New car registrations in the UK fell by 11.5% to 128,811 units in January in line with the SMMT's forecast and, in part it said, reflected the loss of the scrappage incentive scheme (SIS).

"New car registrations fell by 11.5% in January. This is in line with SMMT forecasts and marks the beginning of a challenging year for the UK motor industry," said Paul Everitt, chief executive.

"Consumer confidence is low and it is important that government uses the March budget to help relieve some of the financial pressure on motorists by freezing fuel duty while providing stability and certainty on motoring taxes. Despite the challenging conditions, the demand for low CO2 emitting and highly fuel efficient cars continues to grow."

Several factors may also have contributed to the fall including the rise in VAT to 20%, uncertainty over the economic setting and potentially a consequence of the bad weather in December.

In January 2010, 18% of the market was contributed to by the SIS. With those registrations stripped out, the volume in 2011 was up 8% on last year. The loss of the SIS is expected adversely to affect the market during the first half of 2011. Overall volumes are forecast to decline by 5% in 2011 to 1.93m cars.

All sales types recorded falling volumes in January, with the private market showing the steepest decline. 

Demand for the mini and supermini segment, boosted by the SIS a year ago, fell sharply this January. Demand for executive, luxury, MPV and dual purpose segment cars recovered strongly. 

Demand for diesel cars rose and their market share was once again over 50% in the month. Alternative fuelled cars matched their record share of 1.4% of the market.

UK-built cars took a 12.9% share of the January market, unchanged from January 2010.

The Ford Focus was the best selling new car in January and also the top selling diesel model in the month.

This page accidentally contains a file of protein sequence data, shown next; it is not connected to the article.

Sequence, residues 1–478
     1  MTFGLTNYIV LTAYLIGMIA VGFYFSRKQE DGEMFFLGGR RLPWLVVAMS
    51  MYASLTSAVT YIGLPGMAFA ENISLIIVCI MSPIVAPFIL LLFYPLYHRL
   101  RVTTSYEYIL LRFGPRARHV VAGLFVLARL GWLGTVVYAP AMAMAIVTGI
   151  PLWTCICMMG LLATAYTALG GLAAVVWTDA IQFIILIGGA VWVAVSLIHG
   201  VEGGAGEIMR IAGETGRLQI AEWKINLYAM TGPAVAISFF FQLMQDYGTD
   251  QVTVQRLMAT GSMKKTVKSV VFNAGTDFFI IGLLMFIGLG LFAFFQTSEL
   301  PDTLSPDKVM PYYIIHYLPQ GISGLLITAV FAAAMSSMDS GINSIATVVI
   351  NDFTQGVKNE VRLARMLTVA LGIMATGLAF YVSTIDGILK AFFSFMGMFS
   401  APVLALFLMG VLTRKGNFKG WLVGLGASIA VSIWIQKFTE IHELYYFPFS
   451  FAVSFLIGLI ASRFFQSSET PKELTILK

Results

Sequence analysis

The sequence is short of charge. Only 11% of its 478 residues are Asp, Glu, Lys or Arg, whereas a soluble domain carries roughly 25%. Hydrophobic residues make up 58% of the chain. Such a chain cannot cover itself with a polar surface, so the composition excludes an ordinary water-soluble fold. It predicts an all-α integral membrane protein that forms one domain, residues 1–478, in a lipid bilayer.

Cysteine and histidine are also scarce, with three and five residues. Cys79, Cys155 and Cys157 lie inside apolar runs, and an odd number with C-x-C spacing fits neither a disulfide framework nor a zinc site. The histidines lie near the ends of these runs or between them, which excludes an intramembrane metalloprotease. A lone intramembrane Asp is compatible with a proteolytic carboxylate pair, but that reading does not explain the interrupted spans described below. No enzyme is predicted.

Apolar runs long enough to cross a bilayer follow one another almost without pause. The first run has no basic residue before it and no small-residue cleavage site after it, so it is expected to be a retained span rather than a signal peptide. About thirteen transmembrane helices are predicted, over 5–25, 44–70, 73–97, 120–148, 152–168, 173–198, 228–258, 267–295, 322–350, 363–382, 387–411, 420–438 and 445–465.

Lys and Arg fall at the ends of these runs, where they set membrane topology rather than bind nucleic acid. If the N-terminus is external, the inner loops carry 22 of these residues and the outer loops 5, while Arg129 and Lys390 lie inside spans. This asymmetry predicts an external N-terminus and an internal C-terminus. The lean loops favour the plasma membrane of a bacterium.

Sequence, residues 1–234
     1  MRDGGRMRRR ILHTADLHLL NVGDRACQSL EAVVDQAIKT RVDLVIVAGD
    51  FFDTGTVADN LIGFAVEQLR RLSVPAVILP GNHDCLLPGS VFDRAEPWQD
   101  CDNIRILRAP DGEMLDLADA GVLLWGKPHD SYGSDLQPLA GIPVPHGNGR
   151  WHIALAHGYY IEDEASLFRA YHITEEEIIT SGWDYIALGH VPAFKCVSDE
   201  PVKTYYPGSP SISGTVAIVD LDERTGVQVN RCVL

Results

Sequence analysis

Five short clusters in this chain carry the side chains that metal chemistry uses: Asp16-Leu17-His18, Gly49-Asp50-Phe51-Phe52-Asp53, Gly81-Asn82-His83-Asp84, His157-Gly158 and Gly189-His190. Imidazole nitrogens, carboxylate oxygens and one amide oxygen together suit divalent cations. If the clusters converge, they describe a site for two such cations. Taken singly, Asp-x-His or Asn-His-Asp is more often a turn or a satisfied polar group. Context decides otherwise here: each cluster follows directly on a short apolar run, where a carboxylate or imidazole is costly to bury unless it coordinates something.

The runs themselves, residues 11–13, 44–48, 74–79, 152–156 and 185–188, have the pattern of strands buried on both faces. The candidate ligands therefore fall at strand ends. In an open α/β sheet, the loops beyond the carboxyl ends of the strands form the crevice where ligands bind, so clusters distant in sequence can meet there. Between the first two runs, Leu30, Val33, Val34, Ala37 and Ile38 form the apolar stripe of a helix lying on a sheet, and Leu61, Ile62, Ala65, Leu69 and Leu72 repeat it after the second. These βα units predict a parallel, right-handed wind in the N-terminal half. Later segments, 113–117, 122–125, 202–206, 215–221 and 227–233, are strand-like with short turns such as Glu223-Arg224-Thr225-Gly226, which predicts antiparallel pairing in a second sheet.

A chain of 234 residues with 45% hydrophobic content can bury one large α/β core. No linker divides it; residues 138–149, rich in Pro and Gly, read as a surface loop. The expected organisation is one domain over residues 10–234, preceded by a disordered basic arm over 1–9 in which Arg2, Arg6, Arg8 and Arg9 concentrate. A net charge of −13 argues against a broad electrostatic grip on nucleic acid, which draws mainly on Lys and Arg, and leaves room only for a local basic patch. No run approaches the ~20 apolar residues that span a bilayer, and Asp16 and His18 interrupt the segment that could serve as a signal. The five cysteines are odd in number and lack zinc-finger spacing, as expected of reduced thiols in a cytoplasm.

Sue Robinson, RMI franchised director, said "the start of 2011 is proving challenging with consumer confidence low as household budgets are being squeezed by VAT rises, fuel price increases and price inflation for most household goods. Furthermore, consumers are still concerned about job security with public sector cuts only just filtering through.  The bad weather in December has had some knock on effect to January, as consumers made purchases that were put off because of the snow.

"There has also been some increase in [showroom traffic] during the month which has to be encouraging.

"Looking forward, we believe consumers will return to showroom once they have more confidence and security. Manufacturers are responding to market conditions offering a wide range of incentives to encourage consumers to buy, making it an extremely good time to buy a new car.

"With rising fuel prices and reducing disposable incomes consumers will be looking for cost effective motoring. Not only will the price of vehicle be important but whole life cost including fuel economy and cost of service and maintenance and residual values. Smaller, fuel efficient cars with extended warranty periods and low maintenance costs are likely to be popular. 

"As most consumers have no viable alternative to using cars for most journeys the imperative will be to reduce the impact of fuel increases on drivers. This will, in turn, force consumers to look at vehicles with good fuel economy and also at those that use alternative fuels including electric and hybrid vehicles."